Federgraph special cases
This is all about a system of springs.
The Federgraph application has implemented a 3D model of this system.
In this blog post, I describe a problem or task. I do not give a solution, but I have already computed values in a simulation, so that you can look at the graphical output, before you start up your computer algebra software to create a new worksheet for the cases.
The description should be compatible with the identifiers used in the application, so that the mathematical model can stay in sync with the source code for the graph.
There are special cases of course, and I guess you would want start out by looking at them first. But later it will be interesting to look into the common case as well, with the help of the computer.
Actually you should use the computer for the special cases too.
So before I present the first very special case, let me just briefly present the common case.
The common case
A common case of a system of springs is given in the following picture. Three springs are attached to the corners of a triangle ABC. I have drawn circles to show the zero-force-length of each spring. The free end of each spring is connected to point P which can freely move within the (x, y) plane (where z = 0). We will consider the absolute value of force F, which keeps point P at a given location. We will also consider the amount of energy E stored within the system, when moved to point P.
Picture 1: A system of springs
There are special locations, where force is zero and energy has a maximum or minimum. These locations are the stable or unstable equilibria, which we want to find as solutions of the equations of the mathematical model for the system. I can help out with some graphics.
Special Case 1
This case is given when the triangle is equilateral, and the zero-length of each spring is equal to the height of the triangle.
As a special situation for special case 1, P shall be located at the midpoint of side AB, as depicted in the following picture.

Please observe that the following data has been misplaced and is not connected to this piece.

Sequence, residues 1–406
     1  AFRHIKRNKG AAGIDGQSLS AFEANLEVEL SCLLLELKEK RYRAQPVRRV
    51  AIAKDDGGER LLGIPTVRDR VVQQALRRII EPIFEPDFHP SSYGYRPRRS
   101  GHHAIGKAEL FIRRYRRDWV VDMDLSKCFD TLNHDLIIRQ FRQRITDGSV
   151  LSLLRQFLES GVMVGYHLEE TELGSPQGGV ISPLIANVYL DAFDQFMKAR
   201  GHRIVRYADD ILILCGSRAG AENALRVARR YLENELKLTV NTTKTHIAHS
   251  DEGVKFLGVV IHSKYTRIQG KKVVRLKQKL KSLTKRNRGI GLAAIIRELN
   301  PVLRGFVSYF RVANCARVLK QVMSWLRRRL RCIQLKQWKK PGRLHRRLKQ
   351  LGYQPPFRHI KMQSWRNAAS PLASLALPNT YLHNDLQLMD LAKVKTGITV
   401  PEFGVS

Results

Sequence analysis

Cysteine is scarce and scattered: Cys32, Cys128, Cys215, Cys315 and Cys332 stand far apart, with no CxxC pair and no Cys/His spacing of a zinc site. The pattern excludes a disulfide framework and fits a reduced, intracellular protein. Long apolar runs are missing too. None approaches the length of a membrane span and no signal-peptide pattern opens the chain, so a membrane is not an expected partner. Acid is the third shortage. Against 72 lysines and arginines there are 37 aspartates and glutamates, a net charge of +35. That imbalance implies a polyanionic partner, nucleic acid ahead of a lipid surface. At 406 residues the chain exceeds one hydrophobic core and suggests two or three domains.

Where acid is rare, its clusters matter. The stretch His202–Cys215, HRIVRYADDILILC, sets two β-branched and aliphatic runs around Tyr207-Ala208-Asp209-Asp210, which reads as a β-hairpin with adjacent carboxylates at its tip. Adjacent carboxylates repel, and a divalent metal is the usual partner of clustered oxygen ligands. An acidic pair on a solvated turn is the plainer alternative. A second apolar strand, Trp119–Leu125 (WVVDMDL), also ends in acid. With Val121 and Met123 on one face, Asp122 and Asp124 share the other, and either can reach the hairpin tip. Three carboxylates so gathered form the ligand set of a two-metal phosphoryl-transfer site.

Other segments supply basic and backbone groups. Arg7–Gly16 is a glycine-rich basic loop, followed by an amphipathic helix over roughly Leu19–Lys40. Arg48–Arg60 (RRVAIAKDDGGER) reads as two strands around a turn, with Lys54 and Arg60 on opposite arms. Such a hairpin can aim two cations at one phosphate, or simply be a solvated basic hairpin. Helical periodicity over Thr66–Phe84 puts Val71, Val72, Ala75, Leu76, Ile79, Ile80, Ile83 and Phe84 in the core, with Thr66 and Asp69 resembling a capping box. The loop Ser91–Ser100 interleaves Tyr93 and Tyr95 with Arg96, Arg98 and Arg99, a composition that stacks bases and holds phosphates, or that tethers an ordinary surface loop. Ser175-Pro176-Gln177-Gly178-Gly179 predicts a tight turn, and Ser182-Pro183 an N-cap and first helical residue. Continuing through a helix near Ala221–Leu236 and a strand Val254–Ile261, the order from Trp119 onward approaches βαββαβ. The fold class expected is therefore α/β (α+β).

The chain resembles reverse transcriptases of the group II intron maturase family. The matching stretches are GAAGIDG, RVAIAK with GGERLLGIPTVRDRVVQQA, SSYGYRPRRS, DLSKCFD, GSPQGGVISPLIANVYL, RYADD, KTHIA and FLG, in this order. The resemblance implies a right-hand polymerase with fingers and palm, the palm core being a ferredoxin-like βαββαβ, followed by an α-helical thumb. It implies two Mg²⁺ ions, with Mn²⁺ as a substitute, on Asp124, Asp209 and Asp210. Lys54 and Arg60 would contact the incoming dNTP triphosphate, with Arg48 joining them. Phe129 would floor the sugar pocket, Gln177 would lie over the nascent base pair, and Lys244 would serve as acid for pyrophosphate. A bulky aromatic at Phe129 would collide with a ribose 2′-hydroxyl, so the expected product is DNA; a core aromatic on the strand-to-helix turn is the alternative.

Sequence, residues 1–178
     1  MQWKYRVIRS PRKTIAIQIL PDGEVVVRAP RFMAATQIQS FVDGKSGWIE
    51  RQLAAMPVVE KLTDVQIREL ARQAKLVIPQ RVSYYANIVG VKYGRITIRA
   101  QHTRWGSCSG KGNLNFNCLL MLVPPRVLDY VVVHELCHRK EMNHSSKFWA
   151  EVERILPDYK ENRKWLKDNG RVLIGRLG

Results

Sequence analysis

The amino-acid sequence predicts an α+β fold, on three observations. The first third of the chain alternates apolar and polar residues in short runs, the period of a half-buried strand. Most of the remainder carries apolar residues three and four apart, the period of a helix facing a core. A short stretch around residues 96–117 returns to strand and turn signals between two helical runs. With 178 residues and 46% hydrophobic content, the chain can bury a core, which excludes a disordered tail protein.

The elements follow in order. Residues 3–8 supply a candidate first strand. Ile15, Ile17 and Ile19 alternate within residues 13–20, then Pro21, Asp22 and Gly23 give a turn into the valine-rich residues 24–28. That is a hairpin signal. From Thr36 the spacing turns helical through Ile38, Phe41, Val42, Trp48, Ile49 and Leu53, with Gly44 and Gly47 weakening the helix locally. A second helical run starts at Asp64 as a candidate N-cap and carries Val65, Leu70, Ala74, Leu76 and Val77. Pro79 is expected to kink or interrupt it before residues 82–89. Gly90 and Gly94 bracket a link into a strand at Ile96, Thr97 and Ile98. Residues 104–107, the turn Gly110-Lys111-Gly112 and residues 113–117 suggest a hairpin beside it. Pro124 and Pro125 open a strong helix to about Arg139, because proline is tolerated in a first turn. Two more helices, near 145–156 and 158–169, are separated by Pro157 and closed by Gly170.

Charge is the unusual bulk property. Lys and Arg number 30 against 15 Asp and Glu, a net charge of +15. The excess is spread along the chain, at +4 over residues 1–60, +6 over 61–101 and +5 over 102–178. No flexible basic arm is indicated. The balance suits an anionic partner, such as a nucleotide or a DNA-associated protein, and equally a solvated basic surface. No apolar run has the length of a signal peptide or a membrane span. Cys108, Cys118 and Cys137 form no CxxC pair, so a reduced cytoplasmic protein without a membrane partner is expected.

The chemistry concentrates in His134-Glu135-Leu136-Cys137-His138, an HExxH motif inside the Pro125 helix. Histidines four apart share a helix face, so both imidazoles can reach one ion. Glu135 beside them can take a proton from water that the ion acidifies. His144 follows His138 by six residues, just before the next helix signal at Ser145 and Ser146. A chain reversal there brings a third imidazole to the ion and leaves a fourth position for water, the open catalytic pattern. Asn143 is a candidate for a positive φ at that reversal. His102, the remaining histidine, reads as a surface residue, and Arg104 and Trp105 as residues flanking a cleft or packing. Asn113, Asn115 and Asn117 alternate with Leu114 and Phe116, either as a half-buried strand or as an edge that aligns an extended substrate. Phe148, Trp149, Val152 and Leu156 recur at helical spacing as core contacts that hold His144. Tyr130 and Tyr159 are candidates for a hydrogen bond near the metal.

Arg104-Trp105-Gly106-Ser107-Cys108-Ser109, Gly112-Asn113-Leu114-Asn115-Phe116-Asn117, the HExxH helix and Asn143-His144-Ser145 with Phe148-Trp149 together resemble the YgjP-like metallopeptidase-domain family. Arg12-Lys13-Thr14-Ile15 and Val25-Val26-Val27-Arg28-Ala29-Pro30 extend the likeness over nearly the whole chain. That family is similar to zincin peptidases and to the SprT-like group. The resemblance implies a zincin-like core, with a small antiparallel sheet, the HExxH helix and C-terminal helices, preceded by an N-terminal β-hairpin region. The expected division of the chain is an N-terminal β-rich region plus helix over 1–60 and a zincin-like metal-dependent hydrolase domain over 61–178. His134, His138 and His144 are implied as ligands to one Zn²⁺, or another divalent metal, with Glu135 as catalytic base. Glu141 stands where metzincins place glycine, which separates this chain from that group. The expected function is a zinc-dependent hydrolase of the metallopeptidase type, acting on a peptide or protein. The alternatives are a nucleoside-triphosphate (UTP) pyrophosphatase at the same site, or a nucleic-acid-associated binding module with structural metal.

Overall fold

Picture 2: Schema view of special case 1
It is clear that the forces in two of the springs (AP, BP) cancel each other out, while the force in the third spring (CP) is zero, because the actual length of this spring (h) is equal to its zero-length (h). There happens to be an unstable equilibrium at point P. Think about it, then find A, B, C, and P in the following picture. This picture is a perspective projection, viewed directly from the top.
Picture 3: Top view for special case 1
Question 1: How many equilibria exist? Perhaps it is easier to see this in the next picture, which shows the same situation from a different angle.
Picture 4: Side view for special case 1
Special Case 2
Now change the length of the springs, but keep them all at the same length (Parameter L). There is a bifurcation. It is easy to see when I scroll with the mouse wheel, but you should look at the math first. From the equations, you will know what to expect. It is a long time ago that I attended math lessons, I guess you are much better equipped than I am to analyze this stuff.
Picture 5: Parameter L is close to where a bifurcation occurs
Question 2: At what value of parameter L does the bifurcation happen?
I hope that the term bifurcation is correct, not sure, but I leave the explanation of all this to you anyway.
Special Case 3
The center point of the triangle is a special point. An equilibrium can be found there. We still work with the equilateral triangle, but in the following picture, the value of L is different again.
Picture 6: Four solutions combined into one at the center point.
Question 3: For what value of parameter L will the equilibrium at the center merge with three other special points?
It is up to you to make conclusions. I have explored the system of springs, the general model, to some extent and do promise that there are more special cases. It will be fun to see them unfold, onscreen.